Herbs that have a pungent or aromatic taste to them are usually warming. These include spicy herbs like Cayenne, but also plants with strong aroma or taste like Cinnamon, Ginger Fennel and many of our cooking spices. The stronger the flavor, the stronger the action. Local pungent herbs include Sassafrass (Sassafrass albidum), Wild Ginger (Asarum canadense), and Spicebush (Lindera benzoin). Pungent herbs stimulate circulation, disperse blocked of stuck energy increase digestion, and dispel phlegm. A few of these herb, are actually cooling, like Peppermint and Cilantro.

Bitter herbs, on the other hand, are the coldest and are also drying. They are used to treat Heat and Dampness, such as sinusitis or other infections, as well as lowering fevers and lessening inflammation. Anyone who's ever tried Golden Sea knows the taste of bitter. There aren't a lot of American foods that are bitter except Dandelion greens and coffee, so the taste is under-used (traditionally, it's important to have all five tastes in the diet). Bitters are an excellent digestive stimulant, but if used over a longer period of time, they need to be combined with some warming aromatic herbs. Otherwise, they may be too cooling.

The Sweet taste needs a little explanation. White sugar, honey, and other intense sweeteners were not widely available until a century ago. So when Chinese medicine speaks of the sweet taste, they are not talking about sugar, they are referring to taste more like well-chewed grains, or sweet potatoes or winter squash-more of a subtle sweetness.

Sweet herbs are the tonics, the nourishing herbs that feed us in subtle but strong ways. Some local herbs are American Ginseng (Panax quinquefolius), Solomon's Seal (Polygonatum biflorum), and the garden weed Common Mallow of Cheeses (Malva sp.). All are moistening and nourishing, but in different ways. Ginseng is more of an energy tonic, while Mallow (related to Marshmallow) and Solomon's Seal are great tomes for people with chronic fluid deficiency who are always thirsty and have dry chapped lips. Solomon's Seal is specific for arthritis in people with creaky joints.

Sour and salty herbs are less common in the herbal field. The taste of sour means like a lemon, and it can include astringent plants as well. Sour plants tend to be cooling, contracting and stop the excess flow of fluids out of the body. Many wild fruits such as blackberries are sour. So to a lesser extent are raspberries, strawberries, and apples. Medicinally, Raspberry leaf is used as a uterine tonic to tighten and tone the structure of the organ, while Hawthorn berries are used as a tonic to the heart and blood vessels.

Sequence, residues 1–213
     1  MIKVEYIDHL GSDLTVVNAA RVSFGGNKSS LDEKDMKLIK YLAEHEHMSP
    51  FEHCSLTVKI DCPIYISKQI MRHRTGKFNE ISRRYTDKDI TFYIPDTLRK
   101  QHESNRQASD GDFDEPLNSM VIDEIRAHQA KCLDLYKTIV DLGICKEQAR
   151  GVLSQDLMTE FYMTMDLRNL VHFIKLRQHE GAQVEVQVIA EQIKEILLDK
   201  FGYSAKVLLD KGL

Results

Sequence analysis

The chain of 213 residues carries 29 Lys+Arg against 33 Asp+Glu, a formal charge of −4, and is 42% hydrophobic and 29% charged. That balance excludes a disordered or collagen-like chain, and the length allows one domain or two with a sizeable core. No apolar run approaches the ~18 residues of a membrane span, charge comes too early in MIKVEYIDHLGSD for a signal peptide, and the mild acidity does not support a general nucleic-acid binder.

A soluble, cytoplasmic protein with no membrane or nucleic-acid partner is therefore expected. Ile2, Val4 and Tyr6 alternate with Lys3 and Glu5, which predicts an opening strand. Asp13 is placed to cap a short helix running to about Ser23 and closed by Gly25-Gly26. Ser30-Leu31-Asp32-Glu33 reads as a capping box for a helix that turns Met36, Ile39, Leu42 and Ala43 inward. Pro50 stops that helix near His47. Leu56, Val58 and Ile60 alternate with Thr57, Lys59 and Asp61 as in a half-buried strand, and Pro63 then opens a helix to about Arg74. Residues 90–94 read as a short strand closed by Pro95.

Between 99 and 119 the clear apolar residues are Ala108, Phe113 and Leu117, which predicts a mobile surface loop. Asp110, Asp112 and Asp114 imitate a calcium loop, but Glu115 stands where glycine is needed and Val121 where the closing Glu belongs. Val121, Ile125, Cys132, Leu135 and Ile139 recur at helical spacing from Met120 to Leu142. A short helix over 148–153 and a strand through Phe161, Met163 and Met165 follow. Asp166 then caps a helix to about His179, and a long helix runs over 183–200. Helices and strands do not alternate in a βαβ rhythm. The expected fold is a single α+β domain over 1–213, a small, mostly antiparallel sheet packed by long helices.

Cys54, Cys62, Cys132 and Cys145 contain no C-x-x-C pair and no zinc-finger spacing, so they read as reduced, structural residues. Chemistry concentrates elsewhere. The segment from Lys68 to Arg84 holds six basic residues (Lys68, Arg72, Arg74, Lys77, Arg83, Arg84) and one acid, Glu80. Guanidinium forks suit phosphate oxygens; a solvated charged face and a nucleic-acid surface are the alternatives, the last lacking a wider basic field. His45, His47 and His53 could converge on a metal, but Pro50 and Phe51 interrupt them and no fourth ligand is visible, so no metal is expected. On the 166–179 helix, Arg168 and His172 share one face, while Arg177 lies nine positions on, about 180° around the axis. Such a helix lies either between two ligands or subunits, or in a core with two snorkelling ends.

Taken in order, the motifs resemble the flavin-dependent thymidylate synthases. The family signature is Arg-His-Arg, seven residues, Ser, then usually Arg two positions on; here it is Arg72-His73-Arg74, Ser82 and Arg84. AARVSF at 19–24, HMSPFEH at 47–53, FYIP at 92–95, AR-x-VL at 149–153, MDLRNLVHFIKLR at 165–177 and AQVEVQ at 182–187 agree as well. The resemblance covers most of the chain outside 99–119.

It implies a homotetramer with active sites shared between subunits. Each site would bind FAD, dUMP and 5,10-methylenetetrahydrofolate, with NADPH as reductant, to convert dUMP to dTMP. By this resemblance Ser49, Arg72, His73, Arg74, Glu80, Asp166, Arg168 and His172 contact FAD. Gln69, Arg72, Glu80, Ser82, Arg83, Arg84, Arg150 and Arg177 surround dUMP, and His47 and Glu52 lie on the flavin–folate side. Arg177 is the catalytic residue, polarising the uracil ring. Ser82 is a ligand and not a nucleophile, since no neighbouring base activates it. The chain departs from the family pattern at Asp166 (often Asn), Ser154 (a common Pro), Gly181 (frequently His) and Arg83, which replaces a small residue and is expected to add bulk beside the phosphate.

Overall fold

Finally, when you think of salty herbs, think of mineral-rich plants. Seaweeds, of course, are a food with a long history of medicinal use, both as a nourishing food tonic and as a medicine. Kelp, for example, has been used for thyroid problems. Stinging Nettles (Urtica dioica) is a local herb that typifies the Salty taste. It is so mineral-rich that when the leaves are left to steep for several hours the resulting liquid tastes as rich as a broth. Nettles and Oatstraw (Avena sativa) have been used for anemia and blood deficiency, and for conditions like osteoporosis and broken bones to help rebuild.

By learning and experiencing the energetics of your body and of the herbs; you will begin to have a better understanding of the nature of disease as well as how to treat it. In the end, you'll find that energetics are not so foreign after all.

CoreyPine Shane is a Holistic Clinical Herbalist and Director of the Blue Ridge School of Herbal Medicine in Asheville, NC. He maintains a practice at Namaste Yoga and Healing Center where he combines the ideas of Chinese medicine with the use of local herbs he has gathered himself. He can be contacted at 828-275-6221, coreypine@bigfoot.com or at the website www.blueridgeschool.org.
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Author:Shane, CoreyPine
Publication:New Life Journal
Date:Jun 1, 2003
Words:1302